A2B adenosine receptor antagonists rescue lymphocyte activity in adenosine-producing patient-derived cancer models

J Immunother Cancer. 2022 May;10(5):e004592. doi: 10.1136/jitc-2022-004592.


Background: Adenosine is a metabolite that suppresses antitumor immune response of T and NK cells via extracellular binding to the two subtypes of adenosine-2 receptors, A2ARs. While blockade of the A2AARs subtype effectively rescues lymphocyte activity, with four A2AAR antagonists currently in anticancer clinical trials, less is known for the therapeutic potential of the other A2BAR blockade within cancer immunotherapy. Recent studies suggest the formation of A2AAR/A2BAR dimers in tissues that coexpress the two receptor subtypes, where the A2BAR plays a dominant role, suggesting it as a promising target for cancer immunotherapy.

Methods: We report the synthesis and functional evaluation of five potent A2BAR antagonists and a dual A2AAR/A2BAR antagonist. The compounds were designed using previous pharmacological data assisted by modeling studies. Synthesis was developed using multicomponent approaches. Flow cytometry was used to evaluate the phenotype of T and NK cells on A2BAR antagonist treatment. Functional activity of T and NK cells was tested in patient-derived tumor spheroid models.

Results: We provide data for six novel small molecules: five A2BAR selective antagonists and a dual A2AAR/A2BAR antagonist. The growth of patient-derived breast cancer spheroids is prevented when treated with A2BAR antagonists. To elucidate if this depends on increased lymphocyte activity, immune cells proliferation, and cytokine production, lymphocyte infiltration was evaluated and compared with the potent A2AAR antagonist AZD-4635. We find that A2BAR antagonists rescue T and NK cell proliferation, IFNγ and perforin production, and increase tumor infiltrating lymphocytes infiltration into tumor spheroids without altering the expression of adhesion molecules.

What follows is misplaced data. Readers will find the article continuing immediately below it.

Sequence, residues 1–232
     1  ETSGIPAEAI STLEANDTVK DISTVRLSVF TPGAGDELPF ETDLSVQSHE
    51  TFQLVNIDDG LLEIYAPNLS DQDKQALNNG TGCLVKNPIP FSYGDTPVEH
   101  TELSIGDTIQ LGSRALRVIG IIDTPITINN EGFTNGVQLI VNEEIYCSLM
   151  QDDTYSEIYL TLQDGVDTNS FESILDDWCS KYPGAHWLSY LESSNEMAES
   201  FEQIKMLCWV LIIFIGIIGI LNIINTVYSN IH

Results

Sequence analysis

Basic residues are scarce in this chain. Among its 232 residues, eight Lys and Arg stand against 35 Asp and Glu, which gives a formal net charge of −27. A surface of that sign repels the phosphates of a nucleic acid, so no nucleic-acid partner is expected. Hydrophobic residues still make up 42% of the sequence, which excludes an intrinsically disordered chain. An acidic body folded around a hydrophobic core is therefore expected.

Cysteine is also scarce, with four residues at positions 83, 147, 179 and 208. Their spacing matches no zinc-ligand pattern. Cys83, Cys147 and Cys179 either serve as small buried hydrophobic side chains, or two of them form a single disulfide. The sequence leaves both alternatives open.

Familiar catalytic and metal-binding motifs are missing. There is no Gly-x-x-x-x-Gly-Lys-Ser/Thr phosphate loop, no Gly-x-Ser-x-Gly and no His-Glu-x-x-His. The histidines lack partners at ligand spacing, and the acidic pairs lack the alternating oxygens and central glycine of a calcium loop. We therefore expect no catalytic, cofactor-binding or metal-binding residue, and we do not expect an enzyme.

Conclusions: Our results demonstrate that A2BAR is a promising target in immunotherapy, identifying ISAM-R56A as the most potent candidate for A2BAR blockade. Inhibition of A2BAR signaling restores T cell function and proliferation. Furthermore, A2BAR and dual A2AAR/A2BAR antagonists showed similar or better results than A2AAR antagonist AZD-4635 reinforcing the idea of dominant role of the A2BAR in the regulation of the immune system.

Keywords: adenosine; immunotherapy; lymphocyte activation; lymphocytes, tumor-infiltrating.

Publication types

  • Research Support, Non-U.S. Gov't

MeSH terms

  • Adenosine / pharmacology
  • Humans
  • Lymphocytes / metabolism
  • Neoplasms* / drug therapy
  • Purinergic P1 Receptor Antagonists*
  • Receptor, Adenosine A2B / genetics
  • Receptor, Adenosine A2B / metabolism


  • Purinergic P1 Receptor Antagonists
  • Receptor, Adenosine A2B
  • Adenosine